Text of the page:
3. The plaintiff had presented two alternative arguments to the court in support of his request for injunctive relief. First, that the defendants had continued to operate a commercial enterprise by charging ATV riders for the use of property. Second, even if the defendants did not charge riders, the use of the property as an ATV park was prohibited under the zoning code.
4. At oral argument before this court, counsel for the defendants strenuously claimed that the issue of whether operating an ATV park was permitted in a residential zone was not set forth in the pleadings and, therefore, was outside the scope of the proceedings before the trial court and the present appeal. This claim, however, was not presented in the defendants' brief. We therefore decline to consider it because “[i]t is well settled that claims on appeal must be adequately briefed ․ and cannot be raised for the first time at oral argument before the reviewing court.” (Internal quotation marks omitted.) Breen v. Synthes–Stratec, Inc., 108 Conn.App. 105, 110 n. 4, 947 A.2d 383 (2008); see also Gallo v. Barile, 284 Conn. 459, 478 n. 15, 935 A.2d 103 (2007).We do note, however, that in his brief submitted to the trial court on February 20, 2007, the plaintiff argued: “The property at issue is located in a residential zone. Permitted uses within residential zones are as follows: single-family dwelling, two family dwelling, farming, residential business, and assisted elderly housing. ‘Outdoor recreation’ is permitted within residential zones as a special exception use. Middletown Zoning Code § 21․ The defendants have not applied for a special exception for the ATV park use.”Furthermore, at the outset of the February 26, 2007 hearing, counsel for the plaintiff stated: “We contend that that's irrelevant, whether they're charging or not. This activity isn't allowed in this zone․ [T]his type of activity isn't allowed in residential zones․ Now, this is allowed by special exception ․ but the defendants haven't applied for a special exception to conduct this activity․ But, yes, if [the] defendants are holding their property open and allowing other people to come and utilize it as an ATV park, even without charging, that would be a violation of the code.” (Emphasis added.)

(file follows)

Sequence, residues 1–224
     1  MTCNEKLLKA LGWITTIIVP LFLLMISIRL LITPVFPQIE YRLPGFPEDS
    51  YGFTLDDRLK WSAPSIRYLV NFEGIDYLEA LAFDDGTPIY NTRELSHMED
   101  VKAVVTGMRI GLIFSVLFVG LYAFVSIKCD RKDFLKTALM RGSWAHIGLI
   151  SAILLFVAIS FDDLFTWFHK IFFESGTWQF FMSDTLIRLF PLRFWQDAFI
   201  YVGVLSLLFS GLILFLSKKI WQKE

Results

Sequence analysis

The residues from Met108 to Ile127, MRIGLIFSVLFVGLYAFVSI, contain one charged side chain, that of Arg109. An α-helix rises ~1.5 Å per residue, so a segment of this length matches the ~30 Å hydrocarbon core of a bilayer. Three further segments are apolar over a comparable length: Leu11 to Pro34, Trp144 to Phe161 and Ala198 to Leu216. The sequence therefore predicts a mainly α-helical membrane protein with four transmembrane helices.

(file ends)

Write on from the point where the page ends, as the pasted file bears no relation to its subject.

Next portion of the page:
5. On the basis of this finding, the court denied the plaintiff's request for costs and attorney's fees.
6. Section 10.03.01 of the Middletown zoning code provides: “No building, structure, or land shall hereafter be used or occupied; and no building or structure or part thereof shall hereafter be erected, constructed, reconstructed, moved or structurally altered except in conformity with all of the regulations herein specified for the zone in which it is located.”
7. Section 21.00A of the Middletown zoning code sets forth the following description of residential zones: “This zone is composed of certain land so situated as to be suitable for a certain quiet low density residential area. Accordingly, the regulations for this zone are designed to stabilize and protect the essential characteristics of the zone, to promote and encourage a suitable environment for family life and provide certain enumerated nonresidential activities that make a complete neighborhood. To these ends development is limited to a relatively low concentration and permitted uses are limited basically to a single detached dwelling units plus certain additional uses such as school, churches, park land and certain non-residents of the zone plus public institutions.”
8. See § 21.01A of the Middletown zoning code.
9. See also § 10.03.01 of the Middletown zoning code, which provides: “No building, structure, or land shall hereafter be used ․ except in conformity with all of the regulations herein specified for the zone in which it is located.”
10. Section 60.02.27 of the Middletown zoning code provides: “Outdoor Recreational uses such as: Parks, Playgrounds, Playfields, Golf courses, Boating areas, Community buildings, Developed open space, such as Arboreta, Botanical and Zoological gardens and similar recreational uses.”
11. We note that the defendants did not raise the issues of accessory uses, permitted residential unit business pursuit uses or uses by temporary uses before the trial court. We therefore do not address or consider these issues on appeal, as we generally are limited to matters raised before the trial court. See Moran v. Morneau, 100 Conn.App. 169, 171, 917 A.2d 1003 (2007) (appellate review limited to matters in record; reviewing court cannot hear matters for first time on appeal). For this reason, we also decline to consider the claim set forth in the defendants' appellate brief that the court's decision is violative of the legislative intent set forth in General Statutes §§ 52–557f through 52–557i. We likewise decline to consider the defendants' claim, raised for the first time on appeal, that the court should have found that they were in compliance with General Statutes § 14–387(5) and that the court failed to consider General Statutes § 14–390.
12. The defendants also appear to argue that the court could grant only a civil penalty not to exceed $2500, an injunction prohibiting commercial business (outdoor recreation) and costs, pursuant to § 8–12. This argument was not presented to the trial court, and we decline to consider it on appeal. See footnote eleven. We do note, however, that § 8–12 does not prohibit injunctive relief and such relief as is appropriate when a zoning ordinance is being violated.
In this opinion the other judges concurred.
Response sent, thank you
A free source of state and federal court opinions, state laws, and the United States Code. For more information about the legal concepts addressed by these cases and statutes visit FindLaw's Learn About the Law.
Docket No: No. 28891.
Decided: October 07, 2008
Court: Appellate Court of Connecticut.
Search our directory by legal issue
Enter information in one or both fields (Required)
FindLaw for Legal Professionals
Search our directory by legal issue
Enter information in one or both fields (Required)